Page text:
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Cash Plus payout ... but not for investors

Published:Tuesday | August 9, 2016 | 12:00 AMLivern Barrett
Carlos Hill

The State agency handling the liquidation of Cash Plus Limited, the unregulated investment scheme that went bankrupt nearly eight years ago, is in the process of paying out just under $50 million, but investors who lost billions of dollars will still have to wait.

The Office of the Government Trustee revealed yesterday that the money is being paid to former employees of Cash Plus who are owed outstanding salaries and statutory payments.

"A total of just over $49 million is outstanding and intended to be paid," Government Trustee Celia Barclay disclosed in an email to The Gleaner.

Barclay also acknowledged that the payments are being made from funds accumulated through the sale of Cash Plus assets.

Approximately 40,000 Cash Plus depositors are still owed close to $10 billion from the scheme, which began operations in 2003 with the promise of higher-than-normal interest rates.

Government insiders revealed that the Office of the Government Trustee did not advertise the payments because it wanted to avoid a rush on its New Kingston offices.




Instead, the agency has reached out to former Cash Plus executives to help identify former employees who are owed outstanding wages, sources told The Gleaner.

One depositor reacted angrily to news that employees are being given priority.

"Why employees must get money before me when a me put mi money in there?" the depositor questioned.

"Investors must be at the top of the pecking order. Mi waa mi money!" she insisted.

However, seeking to explain the decision to pay off former employees first, Barclay said there are legislative provisions that prescribe the order of priority for liquidation payments.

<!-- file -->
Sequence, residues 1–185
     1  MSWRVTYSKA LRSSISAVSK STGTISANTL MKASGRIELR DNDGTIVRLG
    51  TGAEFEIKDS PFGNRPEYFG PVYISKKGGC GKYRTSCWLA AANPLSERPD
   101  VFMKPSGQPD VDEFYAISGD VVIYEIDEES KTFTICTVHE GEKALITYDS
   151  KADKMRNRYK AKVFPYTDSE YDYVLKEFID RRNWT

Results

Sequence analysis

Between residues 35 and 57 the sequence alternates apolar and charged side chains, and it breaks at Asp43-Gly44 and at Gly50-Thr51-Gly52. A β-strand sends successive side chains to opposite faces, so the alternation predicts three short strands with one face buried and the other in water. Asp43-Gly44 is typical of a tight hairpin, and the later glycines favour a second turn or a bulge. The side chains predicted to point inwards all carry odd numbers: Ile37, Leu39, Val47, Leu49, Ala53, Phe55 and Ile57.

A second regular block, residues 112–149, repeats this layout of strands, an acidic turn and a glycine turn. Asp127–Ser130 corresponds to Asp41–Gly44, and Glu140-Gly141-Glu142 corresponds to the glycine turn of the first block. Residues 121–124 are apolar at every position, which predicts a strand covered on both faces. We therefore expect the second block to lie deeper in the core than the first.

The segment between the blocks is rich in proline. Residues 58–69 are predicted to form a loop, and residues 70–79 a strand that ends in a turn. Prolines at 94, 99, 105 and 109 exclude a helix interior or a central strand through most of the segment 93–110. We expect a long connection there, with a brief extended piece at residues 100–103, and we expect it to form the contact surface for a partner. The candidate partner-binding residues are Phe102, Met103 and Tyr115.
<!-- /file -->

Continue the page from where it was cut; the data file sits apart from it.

"Redundancy payments and outstanding wages and salaries are among the priority payments," she insisted.

The government trustee said payments to investors can only be made after all the priority payments are completed and appeal for patience.

"We cannot indicate a specific time frame at this time [when payments will be made to investors], but [we] are working towards doing so as soon as possible," Barclay said.

It has been a long wait and several unfulfilled promises for Cash Plus investors since the entity ceased operations in August 2008.

In October 2009, then Trustee in Bankruptcy Hugh Wildman sent expectations soaring when he revealed that his office had discovered US$25 million, or approximately J$2.2 billion, that founder of the scheme, Carlos Hill, and his brother, Bertram Hill, had tucked away in a Swiss bank in Dubai, in the United Arab Emirates.

"If we can get our hands on this money, the depositors of Cash Plus could have a merry Christmas," Wildman said then.

In March 2013, Hill indicated that he had secured US$75 million, which he intended to turn over to the Office of the Trustee in Bankruptcy for disbursement to investors.

None of those efforts yielded any results.

Hill is currently before the courts for fraudulently inducing persons to invest in the failed investment scheme.